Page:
ELISA Test For HIV guide


What is it?

What is an ELISA test for HIV?

Enzyme-Linked Immunosorbent Assays (ELISAs) or Enzyme Immuno-Assays (EIAs) are the most widely used screening tests for HIV/AIDS and detect antibodies produced by our body against HIV. Earlier test kits used crude viral antigens to detect HIV antibodies but the new kits use more specific recombinant protein and synthetic peptide antigens, giving highly sensitive and specific test results. Some new kits also detect viral antigens for an early diagnosis.

What is a Simple/Rapid test for HIV?

Simple/Rapid tests are designed for use where a preliminary/screening test result is required, are easy-to-use and are especially useful in resource-limited countries. These are quick and easy to perform – taking only 10 minutes to 2 hours – and require little or no additional equipment. These are based on agglutination, immuno-dot, immuno-chromatographic or immuno-filtration techniques.

How is ELISA different from a Simple/Rapid test?

ELISAs are highly sensitive and specific, and are able to detect HIV-1/ HIV-2 and their variants. They need skilled technicians, sophisticated equipment and constant electricity supply. They are more suitable for testing large numbers of samples per day, as well as in blood banks or for surveillance studies.

The Simple/Rapid tests are also able to differentiate between HIV-1 and HIV-2, and are better for emergency testing, and in small laboratories with low numbers of tests per day.

How long after a possible exposure should I get tested?

The ELISA or Rapid/Simple tests for HIV look for antibodies produced by our body to fight HIV. The time period between HIV infection and the appearance of detectable HIV antibodies is called the window period, and usually lasts between 14-21 days.

Most people develop detectable antibodies within three months after infection, but may rarely take upto six months. Therefore testing is currently recommended six months after the last possible exposure.

If your test is negative, and you were not exposed to risk of HIV infection for six months before taking the test, it means you do not have HIV infection.

Why is counselling important?

The pre-test information and counselling for an informed consent are necessary before testing. The post-test and follow-up counselling provide a good opportunity to learn more about HIV, discuss your risks and learn how to avoid infection.

How is the test for HIV confirmed?

Confirmatory tests are used to verify whether specimens found reactive with a screening test actually contain antibodies to HIV or not. These are expensive and use the principle of line immune-assays or Western blot. However, studies have shown that a combination of two / three ELISAs and/or Simple/Rapid assays using different antigens (whole viral lysate, recombinant antigens and synthetic peptides) can provide results that are as reliable as the confirmatory assays at a much lower cost.

A positive result means that you have HIV infection and could benefit from special medical care. Additional tests can assess how strong your immune system is and whether treatment is indicated. Some people stay healthy for a long time with HIV infection, while others develop serious illness and AIDS more rapidly.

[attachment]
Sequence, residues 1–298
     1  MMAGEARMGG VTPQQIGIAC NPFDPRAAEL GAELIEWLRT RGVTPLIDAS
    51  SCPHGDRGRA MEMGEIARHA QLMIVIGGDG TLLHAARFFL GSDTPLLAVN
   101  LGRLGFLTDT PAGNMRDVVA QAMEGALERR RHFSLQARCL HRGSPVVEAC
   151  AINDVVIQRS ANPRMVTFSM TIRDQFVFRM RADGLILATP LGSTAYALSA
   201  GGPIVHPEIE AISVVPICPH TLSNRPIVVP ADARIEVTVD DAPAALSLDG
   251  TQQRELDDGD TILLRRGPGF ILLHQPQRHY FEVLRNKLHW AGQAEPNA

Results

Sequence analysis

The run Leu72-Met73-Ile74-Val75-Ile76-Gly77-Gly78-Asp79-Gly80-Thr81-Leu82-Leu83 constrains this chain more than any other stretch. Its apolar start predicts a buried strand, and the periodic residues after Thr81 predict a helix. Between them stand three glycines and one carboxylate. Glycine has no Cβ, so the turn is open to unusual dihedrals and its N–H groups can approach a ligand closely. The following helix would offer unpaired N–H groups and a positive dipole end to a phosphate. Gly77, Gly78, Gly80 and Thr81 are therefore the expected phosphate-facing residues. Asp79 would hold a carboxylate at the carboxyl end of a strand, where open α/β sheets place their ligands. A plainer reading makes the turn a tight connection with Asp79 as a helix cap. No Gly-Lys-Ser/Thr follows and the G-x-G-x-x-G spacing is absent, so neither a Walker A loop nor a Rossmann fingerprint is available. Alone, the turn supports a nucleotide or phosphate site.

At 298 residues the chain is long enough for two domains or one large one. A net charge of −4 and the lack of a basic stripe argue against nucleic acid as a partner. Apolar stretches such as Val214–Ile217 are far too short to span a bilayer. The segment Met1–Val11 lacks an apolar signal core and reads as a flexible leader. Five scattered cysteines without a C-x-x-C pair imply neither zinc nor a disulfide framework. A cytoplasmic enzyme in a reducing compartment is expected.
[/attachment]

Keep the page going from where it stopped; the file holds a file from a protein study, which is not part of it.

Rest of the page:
Does being HIV positive mean one has AIDS?

No, HIV is an unusual virus because a person can be infected with it for many years and yet may appear to be perfectly healthy. But the virus gradually multiplies inside the body and eventually destroys the body's ability to fight off illnesses. It is still not certain that everyone with HIV infection will get AIDS, but most people with HIV will develop serious health problems, though this may be after many years. A person with HIV may not know he is infected but can unknowingly pass the virus on to other people.

What is the difference between HIV-1 and HIV-2?

There are two types of HIV that are currently known - HIV-1 and HIV-2. Worldwide, the predominant virus is HIV-1. Both viruses are transmitted by blood and blood products, sex, and from infected mother to child. Although the disease caused by both is clinically indistinguishable, HIV-2 is less easily transmitted and the period between initial infection and illness is longer for HIV-2.

What are CD4 T-cells?

CD4 T-cells are lymphocytes (white blood cells), also known as helper T-cells, and co-ordinate the immune response. These CD4 T-cells are the main targets of HIV, which destroys infected CD4 T-cells, leading to an overall weakening of the immune system.

Lower numbers of circulating CD4 T-cells indicates a weakening of the immune system and progression of HIV disease.

What is HIV viral load?

The viral load refers to the number of viral particles found in each millilitre (ml) of blood. The more HIV viral particles in the blood, the faster the CD4 T-cells are likely to be destroyed and the faster the progress toward AIDS. A result below 10,000 is considered a low result. A result over 100,000 is considered a high result.

How is disease progress monitored?

CD4 T-cell counts are used, together with the viral load test, to get a complete picture about how the immune system is fighting the virus. As HIV multiplies within the body, the viral load increases and HIV destroys the CD4 T-cells, lowering the number of CD4 cells. Generally, the higher the HIV viral load, the more CD4 T-cells are being destroyed. The goal is to keep CD4 T-cell count high and the viral load low.

The number of CD4+ T-cells and viral load will guide a patient and their doctor in deciding when to start anti-viral treatment and assess the response in patients on treatment.

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